Actors and studios reach agreement to end the strike in Hollywood

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Hollywood actors and studios reached a tentative deal Wednesday to end a months-long strike that paralyzed the entertainment industry, delayed hundreds of productions and cost the U.S. economy billions of dollars.

The Screen Actors Guild (SAG-AFTRA) announced that it will end its 118-day strike at midnight (0800 GMT Thursday) after reaching an agreement with studios such as Netflix and Disney over contract demands that included salary increases and protections against the use of artificial intelligence (AI).

"In a contract valued at more than $1 billion," said SAG-AFTRA, whose Film and Television Committee voted unanimously on the proposal this Wednesday.

The announcement paves the way for artists, from stars to extras, to leave the picket lines and return to sets, and to activate thousands of other jobs tied to the entertainment industry.

The union reported that they will submit the tentative agreement to its national leadership this Friday for "review and consideration."

The organization that represents the studios said it was "pleased" with the agreement, which it described as "a new paradigm."

"It provides SAG-AFTRA with the largest contractual benefits in the union's history," AMPTP said in a statement.

Conversations between both sides occurred almost daily over the past two weeks, with the occasional presence of the CEOs of studios such as Disney, Netflix, Warner Bros. and Universal.

The reactions were swift.

"Incredible! I am very happy that we were able to reach an agreement. "Let's get back to work!" Zac Efron told reporters minutes after the announcement, at the premiere of "The Iron Claw."

“PERSEVERANCE PAYS!” Oscar winner Jamie Lee Curtis wrote on Instagram.

– «Fair agreement» –

SAG-AFTRA represents about 160,000 artists. Although Hollywood's elite earn millions, many lesser-known actors say it is impossible to make ends meet as financial compensation does not keep up with inflation and changes in the industry.

Many artists during the strike were forced to look for other jobs to pay their bills, or even leave the profession.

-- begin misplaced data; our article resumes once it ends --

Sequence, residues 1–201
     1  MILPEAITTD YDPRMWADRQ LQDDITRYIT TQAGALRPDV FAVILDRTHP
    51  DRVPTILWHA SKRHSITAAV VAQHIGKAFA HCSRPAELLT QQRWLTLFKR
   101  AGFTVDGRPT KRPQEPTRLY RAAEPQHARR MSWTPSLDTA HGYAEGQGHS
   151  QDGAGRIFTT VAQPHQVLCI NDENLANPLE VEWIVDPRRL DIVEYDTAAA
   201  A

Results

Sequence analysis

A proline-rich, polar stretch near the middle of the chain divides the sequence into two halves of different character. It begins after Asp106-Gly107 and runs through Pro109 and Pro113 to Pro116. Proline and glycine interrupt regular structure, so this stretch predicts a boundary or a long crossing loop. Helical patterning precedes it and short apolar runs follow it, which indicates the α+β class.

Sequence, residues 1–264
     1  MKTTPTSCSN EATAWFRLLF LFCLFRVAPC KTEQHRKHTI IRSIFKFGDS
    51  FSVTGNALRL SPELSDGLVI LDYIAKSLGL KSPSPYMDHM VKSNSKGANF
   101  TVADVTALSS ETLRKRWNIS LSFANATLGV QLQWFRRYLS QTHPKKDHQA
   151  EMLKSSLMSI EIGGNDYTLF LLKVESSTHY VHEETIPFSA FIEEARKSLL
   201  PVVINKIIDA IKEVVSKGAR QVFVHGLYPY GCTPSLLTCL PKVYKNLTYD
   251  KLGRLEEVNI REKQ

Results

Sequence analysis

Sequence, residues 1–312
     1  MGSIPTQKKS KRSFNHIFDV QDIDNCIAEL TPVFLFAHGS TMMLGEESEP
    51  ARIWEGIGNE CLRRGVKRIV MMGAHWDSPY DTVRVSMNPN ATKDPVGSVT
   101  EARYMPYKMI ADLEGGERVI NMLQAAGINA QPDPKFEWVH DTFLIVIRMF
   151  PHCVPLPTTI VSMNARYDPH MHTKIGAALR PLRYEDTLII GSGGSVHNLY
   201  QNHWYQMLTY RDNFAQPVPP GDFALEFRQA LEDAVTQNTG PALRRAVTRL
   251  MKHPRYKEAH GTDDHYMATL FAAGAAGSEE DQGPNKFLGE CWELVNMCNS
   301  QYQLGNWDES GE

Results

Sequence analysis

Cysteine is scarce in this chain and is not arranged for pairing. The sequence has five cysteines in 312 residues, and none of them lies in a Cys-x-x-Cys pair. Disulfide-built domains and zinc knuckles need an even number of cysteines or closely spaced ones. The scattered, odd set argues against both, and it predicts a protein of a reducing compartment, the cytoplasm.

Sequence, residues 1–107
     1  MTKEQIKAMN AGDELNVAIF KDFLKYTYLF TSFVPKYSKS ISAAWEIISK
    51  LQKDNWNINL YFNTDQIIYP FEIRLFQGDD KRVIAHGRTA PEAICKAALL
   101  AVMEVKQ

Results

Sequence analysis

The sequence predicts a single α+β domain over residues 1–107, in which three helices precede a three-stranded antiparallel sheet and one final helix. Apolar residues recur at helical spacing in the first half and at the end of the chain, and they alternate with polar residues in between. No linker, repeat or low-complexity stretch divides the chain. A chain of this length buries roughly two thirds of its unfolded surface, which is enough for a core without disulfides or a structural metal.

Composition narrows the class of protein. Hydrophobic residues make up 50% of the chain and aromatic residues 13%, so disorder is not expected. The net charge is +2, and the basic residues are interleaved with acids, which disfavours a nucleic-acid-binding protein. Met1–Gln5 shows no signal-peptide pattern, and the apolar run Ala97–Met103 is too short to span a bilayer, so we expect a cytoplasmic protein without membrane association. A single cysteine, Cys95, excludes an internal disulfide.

The studios, which had already delayed the release of major productions like "Dune: Part Two" and the new installment of "Mission: Impossible," were worried about the delays it would cause in shows like "Stranger Things," scheduled for next year. .

When SAG-AFTRA went on strike in mid-July, Hollywood screenwriters were also on strike, but they resolved their contract dispute, ending a nearly 150-day strike.

A double strike has not been seen in Hollywood since 1960, when American actor (and then future president) Ronald Reagan led the protest actions.

Analysts estimate that Hollywood is incurring losses of around $6.5 billion with the shutdown, mostly due to lost wages.

Los Angeles Mayor Karen Bass welcomed the “fair agreement” and said the strikes created “domino effects” in the city.

"Now, we must lean on local production to ensure that our entertainment industry emerges stronger than ever and our economy can get back on its feet," he said in a statement.

– AI and bonuses –

The agreement, SAG-AFTRA detailed, "includes 'above-average' minimum pay increases, unprecedented consent and compensation provisions that will protect members from the threat of AI, and for the first time establishes a streaming participation bonus.

Both parties reached an agreement on the minimum wage, with an increase of around 8% compared to the previous contract.

It's less than the actors wanted, but it's the biggest increase in decades, and more than the writers got.

They reached an agreement to define a bonus structure to compensate the protagonists of series or movies with many views on streaming platforms, as well as protections regarding AI, one of the main points of friction in the final stretch of the negotiations. .

Actors fear the use of AI to clone their voices and images, and wanted stricter rules on compensation and consent that studios would have to obtain.

Also agreed this week was the studio's "ownership" of images of stars after their deaths.

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